Henry Blodget has a column on Slate, entitled How To Invest Like a Supreme Court Justice: What John Roberts’ portfolio reveals about his character.
While Blodget’s analysis is somewhat interesting, if highly speculative, what I think is more important to draw attention to is the fact that Roberts is not just well off… he appears to be extremely well off… as in being worth between $3 and $7 million in 2003, according to his financial disclosure records. Blodget suggests that the top end of that figure could exceed $10 million, given the how the stock market has performed since then.
This may even be a low estimate, since according to his 2003 financial disclosure records, he owned “a chunk of XM Satellite Radio worth between $100,000 and $250,000” and the stock has increased in value ten fold since then… making that one investment now worth between $1 million and $2.5 million (assuming he hasn’t sold, which reading Blodget’s analysis would appear to be probable).
Why is this relevant? Simple: class interests, and life experience. Roberts, by virtue of his wealth, is among the elite of the American elite, and that is bound to affect:
a) how he thinks, who he associates with, how he lives… virtually every aspect of his life is going to be colored by his wealth
b) his ability to empathize with the plight of the average American…no matter how “objective” he attempts to be, it is going to be flat out impossible for Roberts to really grasp, at a gut level, what the average middle, working class, or poor/destitute/homeless American encounters every day in their struggle to get buy, or just plain survive the night
This is a fundamental problem of American democracy, and another reason why on so many issues (especially outside of “social issues”, like gay rights and abortion) Democratic and Republican positions are often practically indistinguishable.
Congress is filled with millionaires (the wealthiest of which are Democrats–10 of the top 12 in the U.S. Senate in 2003). Now, I’m not suggesting that these folks are acting with malice aforethought to enrich themselves (the “top 40” members of the U.S. were worth, collectively, $626 million, they’re hardly hurting for money) – instead, I’m suggesting that the environment these folks live in – where and how they live, who they associate with, what motivates them to get out of bed in the morning – all of these things are inevitably influenced by the fact that they are vastly more comfortable than your average American.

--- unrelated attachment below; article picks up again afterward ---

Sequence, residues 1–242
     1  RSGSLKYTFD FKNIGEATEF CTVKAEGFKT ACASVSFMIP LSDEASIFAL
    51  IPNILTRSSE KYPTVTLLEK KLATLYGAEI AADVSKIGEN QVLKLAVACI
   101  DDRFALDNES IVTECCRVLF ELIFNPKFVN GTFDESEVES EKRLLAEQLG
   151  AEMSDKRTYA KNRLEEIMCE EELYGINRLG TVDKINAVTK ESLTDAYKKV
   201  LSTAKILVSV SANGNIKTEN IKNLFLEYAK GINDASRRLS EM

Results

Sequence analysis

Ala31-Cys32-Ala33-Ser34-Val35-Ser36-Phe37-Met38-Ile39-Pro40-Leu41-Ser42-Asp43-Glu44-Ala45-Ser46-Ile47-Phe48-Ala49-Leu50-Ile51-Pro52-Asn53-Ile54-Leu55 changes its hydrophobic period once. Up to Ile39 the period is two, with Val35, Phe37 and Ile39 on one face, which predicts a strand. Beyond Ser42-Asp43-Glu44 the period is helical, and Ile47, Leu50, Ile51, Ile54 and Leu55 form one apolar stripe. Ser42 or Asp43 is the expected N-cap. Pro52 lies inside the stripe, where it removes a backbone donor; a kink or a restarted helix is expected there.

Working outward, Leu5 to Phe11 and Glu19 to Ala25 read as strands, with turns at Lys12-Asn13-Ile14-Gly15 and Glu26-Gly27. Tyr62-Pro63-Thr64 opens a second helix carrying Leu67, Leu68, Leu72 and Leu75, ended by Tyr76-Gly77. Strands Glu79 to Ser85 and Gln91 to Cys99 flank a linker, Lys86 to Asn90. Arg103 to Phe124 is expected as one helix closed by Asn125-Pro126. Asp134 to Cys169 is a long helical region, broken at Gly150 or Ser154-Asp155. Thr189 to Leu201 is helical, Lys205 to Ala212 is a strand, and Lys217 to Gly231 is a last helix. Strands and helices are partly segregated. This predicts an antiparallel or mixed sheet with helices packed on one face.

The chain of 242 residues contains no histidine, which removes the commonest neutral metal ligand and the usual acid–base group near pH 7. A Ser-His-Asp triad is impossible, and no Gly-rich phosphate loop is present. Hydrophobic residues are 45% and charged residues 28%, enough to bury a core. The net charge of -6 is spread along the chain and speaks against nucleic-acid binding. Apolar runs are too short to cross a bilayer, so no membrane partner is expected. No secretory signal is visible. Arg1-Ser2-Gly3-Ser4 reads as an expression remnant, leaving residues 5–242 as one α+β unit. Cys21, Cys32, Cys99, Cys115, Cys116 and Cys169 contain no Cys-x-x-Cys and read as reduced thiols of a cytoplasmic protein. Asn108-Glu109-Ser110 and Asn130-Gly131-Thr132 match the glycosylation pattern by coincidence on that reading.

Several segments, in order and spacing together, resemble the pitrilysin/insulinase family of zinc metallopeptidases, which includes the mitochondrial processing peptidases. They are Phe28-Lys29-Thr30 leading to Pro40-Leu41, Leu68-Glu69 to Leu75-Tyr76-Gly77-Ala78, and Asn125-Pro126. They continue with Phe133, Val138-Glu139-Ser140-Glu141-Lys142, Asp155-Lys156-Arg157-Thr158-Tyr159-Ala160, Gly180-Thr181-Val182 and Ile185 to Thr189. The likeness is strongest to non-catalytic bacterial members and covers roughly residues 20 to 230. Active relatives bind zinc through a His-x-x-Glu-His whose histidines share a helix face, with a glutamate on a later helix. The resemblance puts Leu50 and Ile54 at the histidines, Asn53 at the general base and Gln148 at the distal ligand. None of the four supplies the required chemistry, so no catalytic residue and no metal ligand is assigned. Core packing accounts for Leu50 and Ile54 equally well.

The quote below, from a Democrat no less, suggesting that that success in business might be viewed as a core qualification for holding public office, demonstrates this mentality:
Incoming Rep. C.A. Dutch Ruppersberger, D-Md., said talents that make people successful in business also can make them a good lawmaker.
“They bring a lot to the table, especially in our difficult times,” said Ruppersberger, whose holdings are valued at $700,000 to $1.58 million. “You want people who have good judgment and have the courage to stand up for what they believe in. If people have done well, that means they’re successful. Maybe that’s part of leadership.” (quote from A Richer Congress, by Jonathan D. Salant)
… success in life, and demonstrated leadership potential, is most easily defined by your level of economic well being.
America is literally run by a wealthy elite, people who, no matter what side of the aisle they sit on, move in the same social and economic circles, and have the same set of expectations about how “life” works. Are these people going to have more sympathy for the plight of a businessman than your average working class American will? You betcha.
Bush’s choice of another member of that elite to fill a seat on the Supreme Court tighens the grip of this class of folks on the American polity. What are Robert’s natural sympathies? No one can know for sure, but you can bet that, one way or another, his wealth, and how he acquired it, is going to influence his judgement.